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New Features in Enterprise Library 3.0: Validation Block

Avoid the tedious and error-prone task of writing validation "plumbing" code by integrating the Validation Application Block into your .NET applications.

lmost any application you write that accepts input requires some sort of validation to meet the business requirements. One example is when you need to validate user-entered or externally acquired data before persisting it in the database. .NET provides a rich set of features for handling validation; but even so, developers sometimes find themselves writing the same type of validation "plumbing" code repeatedly. To help solve this, Enterprise Library 3.0 ships with a new Validation Application Block that abstracts this plumbing code in the form of a reusable library that you can use in any .NET application. This article introduces the Validation Application Block and provides working examples of how you can use it to write robust validation code.

Introducing the Validation Application Block
The Validation Application Block includes a comprehensive library of common validation rules that apply to primitive data types. These include rules for validating string lengths, date ranges, regular expressions and so on. You can leverage these validators directly from within your code (programmatically or in the form of declarative attributes) or from a configuration file. When the built-in validation does not satisfy your requirements, the Validation Block gives you the option of creating custom validator classes.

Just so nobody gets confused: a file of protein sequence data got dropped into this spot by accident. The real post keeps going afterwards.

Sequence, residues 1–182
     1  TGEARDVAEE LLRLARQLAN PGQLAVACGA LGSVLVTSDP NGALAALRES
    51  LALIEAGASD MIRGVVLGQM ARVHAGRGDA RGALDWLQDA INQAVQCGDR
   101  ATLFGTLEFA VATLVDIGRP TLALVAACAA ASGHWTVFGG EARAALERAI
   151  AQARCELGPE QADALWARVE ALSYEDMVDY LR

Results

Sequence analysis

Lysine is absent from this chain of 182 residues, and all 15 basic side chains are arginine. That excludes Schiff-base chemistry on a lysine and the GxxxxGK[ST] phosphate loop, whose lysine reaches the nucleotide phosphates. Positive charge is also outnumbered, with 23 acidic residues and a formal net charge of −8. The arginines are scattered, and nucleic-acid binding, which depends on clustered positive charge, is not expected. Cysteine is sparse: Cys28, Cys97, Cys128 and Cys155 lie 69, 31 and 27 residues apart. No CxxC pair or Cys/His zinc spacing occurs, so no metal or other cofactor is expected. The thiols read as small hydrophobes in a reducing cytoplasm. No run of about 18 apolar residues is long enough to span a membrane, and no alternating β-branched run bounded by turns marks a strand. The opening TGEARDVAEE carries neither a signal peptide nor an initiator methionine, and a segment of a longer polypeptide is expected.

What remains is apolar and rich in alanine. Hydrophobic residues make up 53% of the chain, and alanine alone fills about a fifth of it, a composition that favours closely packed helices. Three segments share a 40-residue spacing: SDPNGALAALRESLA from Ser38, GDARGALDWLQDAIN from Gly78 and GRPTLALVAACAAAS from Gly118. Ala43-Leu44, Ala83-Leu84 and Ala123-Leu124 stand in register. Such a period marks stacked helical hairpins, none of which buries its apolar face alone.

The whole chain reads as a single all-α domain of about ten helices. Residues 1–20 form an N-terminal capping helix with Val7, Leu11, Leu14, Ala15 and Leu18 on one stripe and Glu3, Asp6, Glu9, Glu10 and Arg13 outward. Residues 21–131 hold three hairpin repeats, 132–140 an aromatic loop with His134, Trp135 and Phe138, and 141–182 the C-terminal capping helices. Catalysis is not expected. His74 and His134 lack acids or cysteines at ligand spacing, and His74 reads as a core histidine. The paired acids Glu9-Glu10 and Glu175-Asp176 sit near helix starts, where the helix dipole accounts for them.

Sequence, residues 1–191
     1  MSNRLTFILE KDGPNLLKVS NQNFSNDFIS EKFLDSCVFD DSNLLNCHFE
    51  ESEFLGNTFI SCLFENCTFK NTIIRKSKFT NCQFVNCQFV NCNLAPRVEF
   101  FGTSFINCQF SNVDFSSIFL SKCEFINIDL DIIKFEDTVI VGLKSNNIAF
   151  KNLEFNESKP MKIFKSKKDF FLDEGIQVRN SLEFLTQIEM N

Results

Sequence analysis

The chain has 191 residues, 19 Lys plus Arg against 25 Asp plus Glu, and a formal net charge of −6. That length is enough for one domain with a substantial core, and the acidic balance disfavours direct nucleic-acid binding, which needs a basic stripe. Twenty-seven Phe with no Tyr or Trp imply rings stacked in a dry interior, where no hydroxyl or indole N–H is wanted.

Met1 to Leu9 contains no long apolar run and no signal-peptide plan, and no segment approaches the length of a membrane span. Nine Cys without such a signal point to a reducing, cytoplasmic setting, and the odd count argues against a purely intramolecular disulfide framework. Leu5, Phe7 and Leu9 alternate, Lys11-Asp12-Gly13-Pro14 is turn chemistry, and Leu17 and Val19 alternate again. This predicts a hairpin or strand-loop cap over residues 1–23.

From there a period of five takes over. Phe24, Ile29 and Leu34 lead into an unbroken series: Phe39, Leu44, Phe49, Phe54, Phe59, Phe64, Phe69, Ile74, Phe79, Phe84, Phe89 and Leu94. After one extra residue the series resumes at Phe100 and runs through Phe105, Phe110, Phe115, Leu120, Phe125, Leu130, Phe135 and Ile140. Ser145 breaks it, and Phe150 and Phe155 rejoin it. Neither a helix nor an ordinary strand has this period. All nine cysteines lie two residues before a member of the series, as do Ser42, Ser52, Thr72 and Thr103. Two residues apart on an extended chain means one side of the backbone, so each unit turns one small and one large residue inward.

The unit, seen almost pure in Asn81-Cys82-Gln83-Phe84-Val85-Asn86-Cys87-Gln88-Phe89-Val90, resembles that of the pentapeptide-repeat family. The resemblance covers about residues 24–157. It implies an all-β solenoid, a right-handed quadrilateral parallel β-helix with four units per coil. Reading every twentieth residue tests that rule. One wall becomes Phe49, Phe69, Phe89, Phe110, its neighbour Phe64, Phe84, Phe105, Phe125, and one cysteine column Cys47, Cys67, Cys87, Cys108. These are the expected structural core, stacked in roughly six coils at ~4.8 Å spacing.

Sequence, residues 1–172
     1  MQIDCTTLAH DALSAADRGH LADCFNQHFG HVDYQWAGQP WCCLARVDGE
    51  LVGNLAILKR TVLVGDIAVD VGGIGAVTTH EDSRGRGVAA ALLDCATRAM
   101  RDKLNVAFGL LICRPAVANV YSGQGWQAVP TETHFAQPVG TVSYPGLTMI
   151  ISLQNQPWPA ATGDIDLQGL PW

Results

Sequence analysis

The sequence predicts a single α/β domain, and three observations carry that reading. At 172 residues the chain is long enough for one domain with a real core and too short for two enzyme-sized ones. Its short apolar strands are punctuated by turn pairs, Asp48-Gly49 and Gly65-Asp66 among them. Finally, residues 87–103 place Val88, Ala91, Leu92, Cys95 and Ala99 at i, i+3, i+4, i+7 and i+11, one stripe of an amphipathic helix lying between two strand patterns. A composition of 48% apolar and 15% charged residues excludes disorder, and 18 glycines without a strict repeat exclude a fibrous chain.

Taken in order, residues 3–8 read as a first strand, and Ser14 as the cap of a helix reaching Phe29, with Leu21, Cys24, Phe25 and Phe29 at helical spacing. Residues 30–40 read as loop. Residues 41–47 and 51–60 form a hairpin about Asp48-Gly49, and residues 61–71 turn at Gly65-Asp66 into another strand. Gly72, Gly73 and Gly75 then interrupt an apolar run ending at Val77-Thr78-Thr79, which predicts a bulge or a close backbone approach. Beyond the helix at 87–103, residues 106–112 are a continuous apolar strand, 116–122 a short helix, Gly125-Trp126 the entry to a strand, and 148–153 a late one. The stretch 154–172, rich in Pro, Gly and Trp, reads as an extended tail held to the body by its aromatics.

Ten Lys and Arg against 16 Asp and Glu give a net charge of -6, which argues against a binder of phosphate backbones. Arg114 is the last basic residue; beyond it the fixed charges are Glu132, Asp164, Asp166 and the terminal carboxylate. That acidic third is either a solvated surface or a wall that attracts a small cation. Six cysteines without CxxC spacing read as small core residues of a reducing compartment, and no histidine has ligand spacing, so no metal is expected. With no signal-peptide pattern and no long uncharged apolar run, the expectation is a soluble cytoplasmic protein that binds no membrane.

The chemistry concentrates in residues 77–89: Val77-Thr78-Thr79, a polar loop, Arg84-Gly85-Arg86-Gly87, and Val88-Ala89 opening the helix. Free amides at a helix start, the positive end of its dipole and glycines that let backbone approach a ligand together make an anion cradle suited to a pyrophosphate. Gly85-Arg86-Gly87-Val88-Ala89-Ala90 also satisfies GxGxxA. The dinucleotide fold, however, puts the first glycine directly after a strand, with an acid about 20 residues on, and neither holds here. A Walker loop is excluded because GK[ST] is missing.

After you install Enterprise Library 3.0 April 2007 edition, you'll find the Validation Application Block assemblies in the :\Program Files\Microsoft Enterprise Library 3.0 - April 2007\Bin folder. To use the Validation Application Block, you must reference these three assemblies:

  • Microsoft.Practices.EnterpriseLibrary.Common.dll
  • Microsoft.Practices.EnterpriseLibrary.Validation.dll
  • Microsoft.Practices.ObjectBuilder.dll assemblies
Get Familiar with the Built-in Validators
The Validation Block ships with a number of built-in validator classes, all of which derive from a base Validator class. Table 1 provides a brief overview of the built-in validators.

Class Description
ValidatorComposition Allows you to create a composite validator by combining one or many validators. You can specify either "And" or "Or" type validation through CompositionType enumeration.
ContainsCharactersValidator Checks a string for the presence of the characters specified in the CharacterSet property.
DateTimeRangeValidator Lets you check whether a supplied DateTime object falls within a specified range.
DomainValidator Checks whether a value matches one of a list of supplied values.
EnumConversionValidator Checks whether a string can be converted to an enum.
NotNullValidator Checks to ensure a supplied value is not null.
ObjectCollectionValidator Ensures that an object is a collection of a given type, and invokes validation on each element in the collection.
ObjectValidator Validates an object reference.
PropertyComparisonValidator Compares the value of a property with another property.
RangeValidator Checks whether a value falls within a specified range.
RegexValidator Checks whether a value matches the pattern specified by a regular expression.
RelativeDateTimeValidator Checks whether a value falls within a specified date/time range.
StringLengthValidator Ensures that the length of a string is within specified limits.
TypeConversionValidator Checks whether a string can be converted to a specific type.

Now that you have seen an overview of the available validators, I'll walk you through a simple example.

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